If I had read this first, I might have liked it more. As it is...too much more soap opera family and politics, and some of it should have affected the later story/earlier books more than it did (did O'Rourke know/know of Princess Tatiana? If not, why not? Etc.) Some foreshadowing for later books, which were actually earlier books, which... Yeah. Like the other prequel, it's kind of irrelevant, because Melanie/Suzanne has a Big Secret she is not sharing. Instead, part of Melanie's dilemma is that she is being blackmailed by another character for a secret that is so minor compared to the revelations in the first book that it's just ridiculous.

Overall...I recommend the first book, but I don't recommend the series, at all. The prequels and sequels have progressively drained my happiness with the first book (ETA: and, apparently, the second). Overall, nobody is happy, everyone is spying/lying/sleeping with others. It's not that they're bad books individually; it's that they add up to be much, much less than the whole. Melanie and Charles are supposed to be so smart, and in the first book they really seemed to be! But as it went on and all their friends betrayed them and each other I had to revise my opinion of their intelligence and perspicacity, which is annoying. Grant's characters have always been a little too modern for their time (I'm progressive! I like progressive historical characters! But you can make it fit the historical context better, dammit!), and it's become more glaring. Going back in time has the effect of removing consequences, which makes the characters seem even more Mary Sue than they started.

The best books in the series are Daughter of the Game and Vienna Waltz, in my opinion, but I think they clash horribly, and Daughter of the Game is better.

YMMV. But between Mask of Night and Beau Carusoe, I'm beginning to think that if an author can't get a book published by her usual publishers, maybe she needs to completely rethink the book.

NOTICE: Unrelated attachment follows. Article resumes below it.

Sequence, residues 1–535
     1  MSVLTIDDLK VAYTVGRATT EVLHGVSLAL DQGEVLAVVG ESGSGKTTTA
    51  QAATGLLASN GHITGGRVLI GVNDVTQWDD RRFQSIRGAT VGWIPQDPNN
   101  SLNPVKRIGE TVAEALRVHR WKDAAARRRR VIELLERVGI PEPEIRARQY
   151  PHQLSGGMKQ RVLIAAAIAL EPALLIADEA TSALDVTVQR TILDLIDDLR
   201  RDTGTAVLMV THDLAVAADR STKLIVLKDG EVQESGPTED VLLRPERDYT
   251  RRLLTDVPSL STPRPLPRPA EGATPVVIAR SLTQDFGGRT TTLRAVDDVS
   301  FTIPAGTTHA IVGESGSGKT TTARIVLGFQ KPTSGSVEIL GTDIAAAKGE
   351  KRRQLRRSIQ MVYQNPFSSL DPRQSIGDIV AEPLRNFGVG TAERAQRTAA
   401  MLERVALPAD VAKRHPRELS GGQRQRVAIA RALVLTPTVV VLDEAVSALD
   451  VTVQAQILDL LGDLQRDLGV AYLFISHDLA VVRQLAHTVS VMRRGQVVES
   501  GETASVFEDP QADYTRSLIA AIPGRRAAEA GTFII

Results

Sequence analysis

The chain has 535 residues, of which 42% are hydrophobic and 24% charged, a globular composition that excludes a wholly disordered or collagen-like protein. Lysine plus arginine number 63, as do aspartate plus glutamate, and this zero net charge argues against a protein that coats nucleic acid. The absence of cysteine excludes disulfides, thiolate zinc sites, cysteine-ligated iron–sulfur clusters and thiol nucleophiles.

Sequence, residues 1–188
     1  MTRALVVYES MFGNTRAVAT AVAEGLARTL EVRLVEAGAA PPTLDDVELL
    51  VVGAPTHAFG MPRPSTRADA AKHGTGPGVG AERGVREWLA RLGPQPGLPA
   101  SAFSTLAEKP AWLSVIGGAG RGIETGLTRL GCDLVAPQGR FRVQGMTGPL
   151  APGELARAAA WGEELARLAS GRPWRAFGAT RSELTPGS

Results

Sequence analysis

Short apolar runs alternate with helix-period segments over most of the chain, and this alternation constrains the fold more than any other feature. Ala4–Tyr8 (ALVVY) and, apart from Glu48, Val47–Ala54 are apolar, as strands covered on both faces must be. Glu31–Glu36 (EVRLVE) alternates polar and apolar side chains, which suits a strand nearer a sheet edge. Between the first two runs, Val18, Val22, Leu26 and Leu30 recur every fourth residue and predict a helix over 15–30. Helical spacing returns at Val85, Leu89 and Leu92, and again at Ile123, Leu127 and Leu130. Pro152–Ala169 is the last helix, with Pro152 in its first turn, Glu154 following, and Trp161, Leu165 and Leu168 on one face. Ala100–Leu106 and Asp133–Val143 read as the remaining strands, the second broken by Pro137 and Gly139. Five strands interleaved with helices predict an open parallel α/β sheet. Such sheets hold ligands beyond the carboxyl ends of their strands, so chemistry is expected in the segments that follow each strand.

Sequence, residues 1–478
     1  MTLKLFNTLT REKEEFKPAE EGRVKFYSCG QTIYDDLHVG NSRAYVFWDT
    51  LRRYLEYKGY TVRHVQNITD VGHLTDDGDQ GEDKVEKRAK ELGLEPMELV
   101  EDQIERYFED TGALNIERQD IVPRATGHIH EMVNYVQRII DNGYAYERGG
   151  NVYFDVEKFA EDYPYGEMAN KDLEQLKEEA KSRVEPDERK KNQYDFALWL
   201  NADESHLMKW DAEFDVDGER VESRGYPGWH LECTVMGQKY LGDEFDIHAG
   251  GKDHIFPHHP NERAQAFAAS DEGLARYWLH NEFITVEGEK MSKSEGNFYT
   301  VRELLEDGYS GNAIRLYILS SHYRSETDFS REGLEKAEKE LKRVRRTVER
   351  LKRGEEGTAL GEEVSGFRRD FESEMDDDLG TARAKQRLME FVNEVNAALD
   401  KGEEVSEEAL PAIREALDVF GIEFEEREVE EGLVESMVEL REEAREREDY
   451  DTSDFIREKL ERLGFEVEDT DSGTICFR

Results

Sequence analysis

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The third novella in Megan Hart's Pleasure and Purpose has a dominant heroine. And it's good! I thought so, anyway.

So are the rest of the stories in that book, by the way, though the reviews of the subsequent books in the series are mixed. (However, trigger warning: Non-major spoiler, but awful, spoiler here )

All three stories are erotic romance, though I remember the first as having more sex than the other two. The setup is somewhat silly, but I think it serves basically the same function as "arranged marriage" without the overtones of force, so I didn't mind.
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I am in no way promising to improve the posting rate. But I figured that since I liked this username so much, I should acquire it! For now, content is mirrored.
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At least it was the heroine's trusty servant, not the heroine herself.

That is all.
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Gah. Gah. Gah. I had heard that some people were disappointed with Carla Kelly's latest, Beau Crusoe, but I avoided spoilers and got it anyway. (I had to get it from eBay, after waiting literally months for Amazon to admit that no, they didn't really have it and weren't going to be able to get it either). It was Carla Kelly, and the premise was charming; how bad could it be?